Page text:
Wokeness and Identity Politics Have Their Roots in Protestant Christianity's Notions of Original Sin and Redemption

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What a topic for a Sunday morning — am I right?

I am not a serious student of theology in any respect, although I recall one of my favorite classes as an undergraduate was titled “The History of Religion” — a historical look, as opposed to a doctrinal look, at the development of religions over about 1500 years.  But I stumbled across this very interesting article from City Journal several weeks ago, and I bookmarked the page with the thought I would come back to it at some point to explore my own reactions to the thesis which had not occurred to me before.  I have not yet read the book which the article reviews, but it is on my list.

As a VERY general proposition, there is a well-established correlation between religious observance and conservative politics.  There are many aspects of religious observance that are very much in line with traditional liberalism, but modern-day liberalism in a political sense is largely secular and dismissive of religious teachings and beliefs.

For many who consider themselves to be conservatives primarily based on morality and socially conservative viewpoints for which their religious beliefs provide a foundation, it is probably quite counter-intuitive to think that the most radical socialist/Marxist elements of the “woke” left have as the foundation for their beliefs their own version of “original sin” and what they require for such “sinners” to find redemption — and forgiveness.

Today’s liberal/socialist/Marxist Democrat political reality has been captured by adherence to identity politics presuppositions, where “original sin” is found in the institution of historical slavery.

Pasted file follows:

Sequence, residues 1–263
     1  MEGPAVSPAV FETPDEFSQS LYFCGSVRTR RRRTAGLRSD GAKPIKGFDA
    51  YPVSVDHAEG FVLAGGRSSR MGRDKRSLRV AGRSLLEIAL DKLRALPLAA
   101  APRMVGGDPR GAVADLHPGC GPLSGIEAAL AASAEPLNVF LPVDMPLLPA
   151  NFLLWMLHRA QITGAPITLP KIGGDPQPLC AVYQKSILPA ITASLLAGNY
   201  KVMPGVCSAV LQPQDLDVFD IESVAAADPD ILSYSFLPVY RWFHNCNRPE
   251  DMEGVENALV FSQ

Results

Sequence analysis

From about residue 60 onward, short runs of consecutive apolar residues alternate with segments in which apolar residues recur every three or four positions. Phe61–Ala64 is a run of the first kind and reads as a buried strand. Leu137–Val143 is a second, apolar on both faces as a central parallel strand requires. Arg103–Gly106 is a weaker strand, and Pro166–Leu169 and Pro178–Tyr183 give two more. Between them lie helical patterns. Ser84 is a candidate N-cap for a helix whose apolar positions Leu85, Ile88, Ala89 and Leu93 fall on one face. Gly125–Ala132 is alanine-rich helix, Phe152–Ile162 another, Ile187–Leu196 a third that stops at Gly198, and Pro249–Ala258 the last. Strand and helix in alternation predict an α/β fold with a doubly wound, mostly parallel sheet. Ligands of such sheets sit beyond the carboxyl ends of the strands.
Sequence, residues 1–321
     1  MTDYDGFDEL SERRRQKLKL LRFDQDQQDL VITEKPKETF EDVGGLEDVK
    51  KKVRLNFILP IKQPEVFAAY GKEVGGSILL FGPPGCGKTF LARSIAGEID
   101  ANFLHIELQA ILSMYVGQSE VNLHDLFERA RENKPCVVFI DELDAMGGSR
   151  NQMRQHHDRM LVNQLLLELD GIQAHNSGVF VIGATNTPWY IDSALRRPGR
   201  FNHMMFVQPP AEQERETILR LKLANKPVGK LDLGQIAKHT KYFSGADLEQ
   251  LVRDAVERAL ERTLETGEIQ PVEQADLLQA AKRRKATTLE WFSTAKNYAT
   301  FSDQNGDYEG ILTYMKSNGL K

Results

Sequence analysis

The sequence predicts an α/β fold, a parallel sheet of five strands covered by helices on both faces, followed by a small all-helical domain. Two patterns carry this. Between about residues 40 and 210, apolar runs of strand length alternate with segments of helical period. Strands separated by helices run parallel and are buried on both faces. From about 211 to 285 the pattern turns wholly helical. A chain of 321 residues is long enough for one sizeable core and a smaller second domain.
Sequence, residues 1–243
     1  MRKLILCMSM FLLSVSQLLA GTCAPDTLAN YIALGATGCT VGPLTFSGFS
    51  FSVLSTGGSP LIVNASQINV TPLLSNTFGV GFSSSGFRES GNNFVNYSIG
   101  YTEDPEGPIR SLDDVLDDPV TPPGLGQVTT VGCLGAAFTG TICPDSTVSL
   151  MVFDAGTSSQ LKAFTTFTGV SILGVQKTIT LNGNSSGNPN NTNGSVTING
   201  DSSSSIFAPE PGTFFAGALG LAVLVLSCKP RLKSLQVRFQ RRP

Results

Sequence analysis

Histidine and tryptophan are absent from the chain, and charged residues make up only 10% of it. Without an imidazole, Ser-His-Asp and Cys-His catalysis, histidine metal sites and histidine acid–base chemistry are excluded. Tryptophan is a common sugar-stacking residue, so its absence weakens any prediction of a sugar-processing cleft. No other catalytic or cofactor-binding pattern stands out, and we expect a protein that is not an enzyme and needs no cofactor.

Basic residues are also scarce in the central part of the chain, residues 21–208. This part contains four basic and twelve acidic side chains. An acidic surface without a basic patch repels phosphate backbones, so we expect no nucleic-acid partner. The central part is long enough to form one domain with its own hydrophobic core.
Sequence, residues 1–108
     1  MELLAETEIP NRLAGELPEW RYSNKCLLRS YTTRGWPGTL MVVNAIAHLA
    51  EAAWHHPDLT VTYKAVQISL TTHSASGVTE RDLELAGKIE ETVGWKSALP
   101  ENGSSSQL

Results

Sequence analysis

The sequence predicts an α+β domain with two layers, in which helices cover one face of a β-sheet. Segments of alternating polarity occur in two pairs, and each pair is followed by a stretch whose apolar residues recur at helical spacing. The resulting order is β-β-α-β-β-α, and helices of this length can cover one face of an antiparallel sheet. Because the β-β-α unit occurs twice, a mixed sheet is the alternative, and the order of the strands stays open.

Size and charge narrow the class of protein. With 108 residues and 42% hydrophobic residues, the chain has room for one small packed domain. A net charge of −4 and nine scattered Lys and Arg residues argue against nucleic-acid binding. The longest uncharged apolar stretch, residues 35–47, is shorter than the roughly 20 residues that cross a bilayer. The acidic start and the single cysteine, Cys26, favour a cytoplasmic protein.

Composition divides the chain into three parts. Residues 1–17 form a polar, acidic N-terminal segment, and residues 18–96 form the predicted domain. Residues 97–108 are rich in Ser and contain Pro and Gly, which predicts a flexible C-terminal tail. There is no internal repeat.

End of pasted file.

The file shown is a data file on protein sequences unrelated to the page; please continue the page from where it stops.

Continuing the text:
But if “original sin” is limited simply to the institution of historical slavery, it is more difficult to stretch the victim class beyond the African-American population.  Identity politics needed more “identities” if it is going to attract enough supporters to wrest away political power.  So “original sin” was expanded beyond the institution of slavery, and now it is defined by the slave masters.

Hence the development of the concept of “white male privilege” from the birth of “critical race theory.”

Protestant Christianity plays in between the natures of man reflected by “innocence” and “transgression.”  But whereas in Christianity, the path to redemption is found in the hands of a loving and forgiving God because no one on earth is without sin, in the Church of the Woke the keys to redemption and forgiveness are in the hands of those who define themselves as innocent, beginning with their self-identification as a member of a victimized group.

By claiming the mantle of innocence that identity politics confers, oppressed minorities can extricate themselves from transgression altogether and demand justice and moral redress by means of exacting payment from the transgressors. And only by scapegoating themselves and others of their group can white, heterosexual men—the transgressors, in the identity politics schema—cleanse themselves of the stain of their own natures.